a, fol. A4v, Matthew 6
A) Biblia, das ist: Die Heilige Schrift altes und neues Testaments, nach der Deutschen uebersetzung D. Martin Luthers. Germantown: Christoph Saur, 1743.
Thick quarto. 2 vols. in 1 (, 995; 277,  pages), 9¾ x 7⅜ inches. Fraktur. Bound in calfskin over beveled boards; catchplates, one boss and 3 boss-plates retained. § DM 4240; Evans 5128; O’Callaghan 1743, no. 1. § CD-ROM: 12.2a, title page.
B) Biblia, das ist: Die Heilige Schrift Altes und Neues Testaments. Germantown: Christoph Saur, 1763.
C) Biblia, das ist: Die Ganze Göttliche Heilige Schrift, Alten und Neuen Testaments. Germantown, Christoph Saur, 1776.
Due to the restrictive terms of the Bible Patent, an English law designed to keep an accurate text and produce revenue for the sovereign, the printing of Bibles in English was restricted to Oxford and Cambridge Universities, the sovereign’s printer, and sometimes to the Stationers’ Company. This law applied to all English territories, so printers in the American Colonies were not allowed to print the Bible in English. Thus the earliest printed biblical texts in America are not in English [12.1].
Christoph Saur (1693–1758) printed the first European language Bible in America, using Fraktur (a German style of black letter) type obtained from the Luther Foundry of Frankfurt, Germany. It took three years to complete the printing and the edition was 1200 copies at a price of 18 shillings. For the poor, Saur wrote, "we have no price."
Many stories have attached themselves to the Saur Bibles. One of the most interesting relating to the 1743 edition is that Saur sent a crate containing 12 copies of his printing of the Bible to Dr. Heinrich Luther of the Luther Foundry in gratitude for the gift of the type with which to print them. The ship containing the crate was captured by pirates, but after two years, the crate arrived at its destination. The late William Salloch, distinguished bookseller, located and sold two copies of this shipment—in 1974 and 1986. Heinrich Luther had printed the story of the Bibles’ adventure, and pasted a copy in each Bible, signing them.
Considering the blood, sweat, and tears it took to produce 1200 copies at the hand press in three years of the hardest labor, one could assume that religious leaders would support Christoph Saur. Not so! Religious sectarianism was particularly strong and vigorous among people of Germanic descent at this period in Pennsylvania. The Reverend Henry Melchior Muhlenberg, of the German Lutheran Church, did everything in his power to embarrass the work. The Reverend Caspar Schnoor of the German Reformed Church at Lancaster did the same. Chief among the charges leveled at Saur was that he was an "arch Separatist"—in other words, he had a mind of his own.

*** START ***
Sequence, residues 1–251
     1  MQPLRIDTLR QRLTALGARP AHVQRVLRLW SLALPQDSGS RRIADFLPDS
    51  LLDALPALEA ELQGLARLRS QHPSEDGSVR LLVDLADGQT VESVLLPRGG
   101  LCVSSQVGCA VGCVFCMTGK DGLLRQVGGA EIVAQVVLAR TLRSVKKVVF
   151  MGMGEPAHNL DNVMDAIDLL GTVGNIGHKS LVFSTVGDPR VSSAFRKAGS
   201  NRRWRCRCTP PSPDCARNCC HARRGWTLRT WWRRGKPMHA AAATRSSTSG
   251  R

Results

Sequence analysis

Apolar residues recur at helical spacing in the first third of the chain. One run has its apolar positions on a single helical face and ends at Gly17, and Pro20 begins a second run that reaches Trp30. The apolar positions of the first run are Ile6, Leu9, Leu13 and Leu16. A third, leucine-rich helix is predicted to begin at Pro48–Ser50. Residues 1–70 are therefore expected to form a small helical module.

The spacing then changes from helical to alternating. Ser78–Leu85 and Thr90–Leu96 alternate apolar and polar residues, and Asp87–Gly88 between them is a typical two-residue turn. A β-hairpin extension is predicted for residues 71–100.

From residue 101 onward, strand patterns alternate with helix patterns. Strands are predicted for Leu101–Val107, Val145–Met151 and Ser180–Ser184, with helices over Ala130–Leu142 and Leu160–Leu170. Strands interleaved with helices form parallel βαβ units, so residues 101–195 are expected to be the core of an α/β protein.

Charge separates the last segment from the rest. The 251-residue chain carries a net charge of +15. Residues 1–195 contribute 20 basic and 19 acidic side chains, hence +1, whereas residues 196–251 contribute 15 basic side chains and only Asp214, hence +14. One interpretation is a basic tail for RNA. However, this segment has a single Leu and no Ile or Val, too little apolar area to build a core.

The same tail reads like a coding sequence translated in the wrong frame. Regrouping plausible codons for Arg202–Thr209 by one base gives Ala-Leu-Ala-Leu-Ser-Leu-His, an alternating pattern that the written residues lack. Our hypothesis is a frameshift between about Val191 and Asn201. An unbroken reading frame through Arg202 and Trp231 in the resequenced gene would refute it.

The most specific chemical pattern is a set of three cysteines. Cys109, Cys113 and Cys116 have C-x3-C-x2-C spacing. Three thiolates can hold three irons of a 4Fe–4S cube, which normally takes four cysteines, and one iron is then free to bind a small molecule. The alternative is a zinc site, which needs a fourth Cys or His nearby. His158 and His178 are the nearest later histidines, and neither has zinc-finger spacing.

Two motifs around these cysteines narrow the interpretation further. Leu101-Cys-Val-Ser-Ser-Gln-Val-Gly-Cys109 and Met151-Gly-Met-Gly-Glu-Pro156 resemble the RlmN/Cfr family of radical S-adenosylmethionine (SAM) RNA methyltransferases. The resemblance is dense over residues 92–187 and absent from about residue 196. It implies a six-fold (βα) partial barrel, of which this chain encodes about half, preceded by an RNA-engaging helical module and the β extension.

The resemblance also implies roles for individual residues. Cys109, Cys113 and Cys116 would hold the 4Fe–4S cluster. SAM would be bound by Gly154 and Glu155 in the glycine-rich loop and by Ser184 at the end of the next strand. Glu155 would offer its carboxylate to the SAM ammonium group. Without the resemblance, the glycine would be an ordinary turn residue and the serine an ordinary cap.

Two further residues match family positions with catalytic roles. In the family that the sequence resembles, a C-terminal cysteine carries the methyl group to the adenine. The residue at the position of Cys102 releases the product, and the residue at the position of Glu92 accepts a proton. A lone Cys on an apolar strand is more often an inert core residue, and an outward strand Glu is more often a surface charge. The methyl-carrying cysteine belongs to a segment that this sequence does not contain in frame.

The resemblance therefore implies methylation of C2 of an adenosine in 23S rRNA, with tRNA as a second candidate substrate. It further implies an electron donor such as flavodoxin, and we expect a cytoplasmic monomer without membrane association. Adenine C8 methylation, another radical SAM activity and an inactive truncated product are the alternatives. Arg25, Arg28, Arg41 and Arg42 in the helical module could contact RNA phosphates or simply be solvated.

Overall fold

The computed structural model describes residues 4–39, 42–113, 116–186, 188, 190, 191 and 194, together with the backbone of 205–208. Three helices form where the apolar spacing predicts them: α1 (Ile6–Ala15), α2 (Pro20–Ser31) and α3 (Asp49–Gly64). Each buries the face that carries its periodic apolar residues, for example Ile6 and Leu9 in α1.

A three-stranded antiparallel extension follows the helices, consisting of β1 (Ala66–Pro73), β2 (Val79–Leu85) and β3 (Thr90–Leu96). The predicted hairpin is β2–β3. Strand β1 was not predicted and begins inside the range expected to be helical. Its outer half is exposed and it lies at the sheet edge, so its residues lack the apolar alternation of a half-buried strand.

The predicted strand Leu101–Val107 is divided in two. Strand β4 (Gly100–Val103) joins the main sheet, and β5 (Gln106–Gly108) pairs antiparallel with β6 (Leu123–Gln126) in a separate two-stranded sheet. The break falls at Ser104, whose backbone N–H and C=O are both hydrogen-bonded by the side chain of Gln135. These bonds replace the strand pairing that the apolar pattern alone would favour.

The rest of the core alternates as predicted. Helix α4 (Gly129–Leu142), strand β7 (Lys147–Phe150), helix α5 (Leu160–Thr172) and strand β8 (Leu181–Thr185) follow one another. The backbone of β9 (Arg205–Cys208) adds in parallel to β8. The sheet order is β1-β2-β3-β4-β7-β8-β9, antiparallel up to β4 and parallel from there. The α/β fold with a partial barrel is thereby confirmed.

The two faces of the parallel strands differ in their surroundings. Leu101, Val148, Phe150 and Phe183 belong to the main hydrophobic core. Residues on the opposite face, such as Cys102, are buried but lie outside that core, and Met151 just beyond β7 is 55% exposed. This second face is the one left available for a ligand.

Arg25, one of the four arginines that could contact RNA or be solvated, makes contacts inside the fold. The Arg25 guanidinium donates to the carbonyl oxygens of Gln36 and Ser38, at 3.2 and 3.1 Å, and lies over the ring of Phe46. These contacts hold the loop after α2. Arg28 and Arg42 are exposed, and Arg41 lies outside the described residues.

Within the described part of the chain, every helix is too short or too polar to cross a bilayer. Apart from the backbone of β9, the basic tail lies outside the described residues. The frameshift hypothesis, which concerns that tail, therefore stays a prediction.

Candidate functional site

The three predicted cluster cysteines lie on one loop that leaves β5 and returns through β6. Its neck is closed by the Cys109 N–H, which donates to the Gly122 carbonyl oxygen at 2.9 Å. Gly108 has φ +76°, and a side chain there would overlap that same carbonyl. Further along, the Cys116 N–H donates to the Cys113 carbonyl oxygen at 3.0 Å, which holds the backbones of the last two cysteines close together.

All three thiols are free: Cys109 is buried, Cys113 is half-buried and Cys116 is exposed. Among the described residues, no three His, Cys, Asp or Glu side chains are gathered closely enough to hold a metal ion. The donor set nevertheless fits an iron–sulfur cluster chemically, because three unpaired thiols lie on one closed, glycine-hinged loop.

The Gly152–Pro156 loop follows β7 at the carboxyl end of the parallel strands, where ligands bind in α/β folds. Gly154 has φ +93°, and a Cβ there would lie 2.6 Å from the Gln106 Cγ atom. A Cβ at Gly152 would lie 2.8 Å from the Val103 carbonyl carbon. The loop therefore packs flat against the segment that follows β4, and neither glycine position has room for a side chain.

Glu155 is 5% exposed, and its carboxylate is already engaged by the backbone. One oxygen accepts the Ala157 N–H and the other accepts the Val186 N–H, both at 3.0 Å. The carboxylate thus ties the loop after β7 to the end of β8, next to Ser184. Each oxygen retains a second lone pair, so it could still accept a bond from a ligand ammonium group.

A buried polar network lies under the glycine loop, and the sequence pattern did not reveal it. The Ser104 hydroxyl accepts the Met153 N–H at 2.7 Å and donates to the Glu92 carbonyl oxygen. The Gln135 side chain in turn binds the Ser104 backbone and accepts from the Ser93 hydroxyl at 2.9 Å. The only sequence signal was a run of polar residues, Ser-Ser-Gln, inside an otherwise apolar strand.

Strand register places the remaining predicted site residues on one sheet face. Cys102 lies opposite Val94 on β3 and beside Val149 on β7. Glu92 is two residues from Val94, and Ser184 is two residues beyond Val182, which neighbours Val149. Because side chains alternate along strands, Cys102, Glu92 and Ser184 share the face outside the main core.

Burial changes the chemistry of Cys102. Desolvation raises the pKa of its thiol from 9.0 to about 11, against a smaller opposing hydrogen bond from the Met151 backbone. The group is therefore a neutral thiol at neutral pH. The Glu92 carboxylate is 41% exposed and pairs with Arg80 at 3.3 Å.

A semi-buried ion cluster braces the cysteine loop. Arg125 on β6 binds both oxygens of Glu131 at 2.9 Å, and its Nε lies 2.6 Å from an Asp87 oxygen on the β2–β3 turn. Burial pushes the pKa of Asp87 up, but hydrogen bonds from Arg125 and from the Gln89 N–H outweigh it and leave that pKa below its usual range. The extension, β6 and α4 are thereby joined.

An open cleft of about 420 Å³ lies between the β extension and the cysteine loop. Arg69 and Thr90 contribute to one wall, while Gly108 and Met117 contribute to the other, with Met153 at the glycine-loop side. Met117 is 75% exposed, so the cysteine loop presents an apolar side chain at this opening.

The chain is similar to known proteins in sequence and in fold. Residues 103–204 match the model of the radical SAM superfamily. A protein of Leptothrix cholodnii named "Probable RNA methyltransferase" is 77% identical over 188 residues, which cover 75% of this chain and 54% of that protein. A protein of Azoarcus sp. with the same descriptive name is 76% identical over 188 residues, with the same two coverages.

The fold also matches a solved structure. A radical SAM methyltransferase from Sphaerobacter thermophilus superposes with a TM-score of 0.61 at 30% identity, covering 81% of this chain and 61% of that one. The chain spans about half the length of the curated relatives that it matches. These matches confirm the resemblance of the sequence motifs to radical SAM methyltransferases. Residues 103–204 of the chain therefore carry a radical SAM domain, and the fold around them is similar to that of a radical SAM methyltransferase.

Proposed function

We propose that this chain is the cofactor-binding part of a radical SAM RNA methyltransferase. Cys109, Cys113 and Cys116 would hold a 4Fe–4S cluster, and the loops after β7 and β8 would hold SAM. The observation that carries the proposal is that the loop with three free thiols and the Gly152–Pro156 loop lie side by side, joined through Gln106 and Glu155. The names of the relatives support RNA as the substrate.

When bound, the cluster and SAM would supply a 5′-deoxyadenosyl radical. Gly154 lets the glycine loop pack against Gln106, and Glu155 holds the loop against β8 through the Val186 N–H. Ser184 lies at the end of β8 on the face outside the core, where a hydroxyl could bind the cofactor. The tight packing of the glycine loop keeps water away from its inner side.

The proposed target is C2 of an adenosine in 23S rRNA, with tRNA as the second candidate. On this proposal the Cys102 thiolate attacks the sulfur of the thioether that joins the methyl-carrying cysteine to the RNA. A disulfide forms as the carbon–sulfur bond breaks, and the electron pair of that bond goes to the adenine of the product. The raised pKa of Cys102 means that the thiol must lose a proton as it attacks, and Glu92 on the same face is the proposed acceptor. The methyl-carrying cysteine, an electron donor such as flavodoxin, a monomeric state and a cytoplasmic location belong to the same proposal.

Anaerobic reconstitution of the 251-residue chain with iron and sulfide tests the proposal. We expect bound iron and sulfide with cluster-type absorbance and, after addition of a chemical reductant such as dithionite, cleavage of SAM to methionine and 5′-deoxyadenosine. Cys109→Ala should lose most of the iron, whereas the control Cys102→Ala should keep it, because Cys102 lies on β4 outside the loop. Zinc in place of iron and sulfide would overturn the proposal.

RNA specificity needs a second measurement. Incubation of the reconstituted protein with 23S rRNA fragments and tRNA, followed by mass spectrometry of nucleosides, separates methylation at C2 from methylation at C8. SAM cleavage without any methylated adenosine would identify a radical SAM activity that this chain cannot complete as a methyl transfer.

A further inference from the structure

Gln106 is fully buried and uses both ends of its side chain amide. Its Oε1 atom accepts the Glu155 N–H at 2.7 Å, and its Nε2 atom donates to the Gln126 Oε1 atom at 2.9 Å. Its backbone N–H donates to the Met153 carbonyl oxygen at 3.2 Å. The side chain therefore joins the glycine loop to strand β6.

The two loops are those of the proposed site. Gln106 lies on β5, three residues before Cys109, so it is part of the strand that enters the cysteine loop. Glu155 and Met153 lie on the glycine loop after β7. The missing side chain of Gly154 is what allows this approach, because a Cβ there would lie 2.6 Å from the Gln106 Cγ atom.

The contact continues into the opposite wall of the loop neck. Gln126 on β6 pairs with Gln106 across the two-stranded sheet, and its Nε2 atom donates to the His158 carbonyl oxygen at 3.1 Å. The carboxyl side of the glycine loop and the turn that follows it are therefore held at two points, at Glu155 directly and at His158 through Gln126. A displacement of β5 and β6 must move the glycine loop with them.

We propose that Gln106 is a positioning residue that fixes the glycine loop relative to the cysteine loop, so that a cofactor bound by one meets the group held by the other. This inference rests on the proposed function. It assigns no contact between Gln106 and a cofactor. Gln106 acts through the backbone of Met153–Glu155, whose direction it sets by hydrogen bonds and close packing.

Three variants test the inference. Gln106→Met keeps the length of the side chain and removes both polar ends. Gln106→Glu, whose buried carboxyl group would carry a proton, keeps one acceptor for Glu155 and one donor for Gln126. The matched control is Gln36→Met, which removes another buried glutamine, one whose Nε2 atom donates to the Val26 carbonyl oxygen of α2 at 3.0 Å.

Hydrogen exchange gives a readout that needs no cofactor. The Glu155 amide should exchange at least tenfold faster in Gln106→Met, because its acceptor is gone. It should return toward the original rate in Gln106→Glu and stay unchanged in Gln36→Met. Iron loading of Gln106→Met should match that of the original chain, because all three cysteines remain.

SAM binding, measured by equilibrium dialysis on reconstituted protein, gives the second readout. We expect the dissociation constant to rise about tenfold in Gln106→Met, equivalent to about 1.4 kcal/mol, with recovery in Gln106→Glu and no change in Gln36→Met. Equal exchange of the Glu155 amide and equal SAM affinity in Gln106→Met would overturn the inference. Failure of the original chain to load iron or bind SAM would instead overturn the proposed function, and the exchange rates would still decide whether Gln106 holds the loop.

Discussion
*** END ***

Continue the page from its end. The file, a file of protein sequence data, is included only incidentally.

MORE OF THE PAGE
Christoph Saur II (1721–84) continued his father’s work, and produced the second Saur Bible in 1763 in an edition of 2000 copies. It is the first Bible printed in America on American-made paper. Christoph Saur I, while deeply religious, had maintained his independence from Germanic religious factions. His son, however, became an elder in the Dunkers (modern day Church of the Brethren) movement, which meant that he would neither take an oath or bear arms. This was to bring him serious difficulties later.
The third Saur Bible is also a first: the first Bible printed from American made type. The type was manufactured by Justus Fox at the Saur type foundry in Germantown. Legends cling to this particular edition, most of which will not bear too much scrutiny.
One of the most frequently met is that this is the "Gun-Wad" Bible. The story details the seizure of many unbound leaves of this edition to make cartridge paper during the Battle of Germantown, 4 October 1777. Whether it was the British or American troops who did this depends upon who is telling the story. Another legend relates that when the British stabled their horses after winning the battle, they seized many of the unbound leaves to make litter for their horses. Yet one more story is that during the battle, one of Saur’s daughters gathered sufficient leaves to make a copy each for her ten children.
Whatever happened to the major portion of this edition of 3000 copies, it nevertheless seems to have survived in a relatively large number.
After the close of the Revolutionary War, the pacifist Christopher Saur II, who had not participated in the War, was badly treated. His neighbors, those on whom he and his father had showered many kind deeds, seized his property, leaving him nothing. He finished his life in quiet resignation, earning his bread by binding books.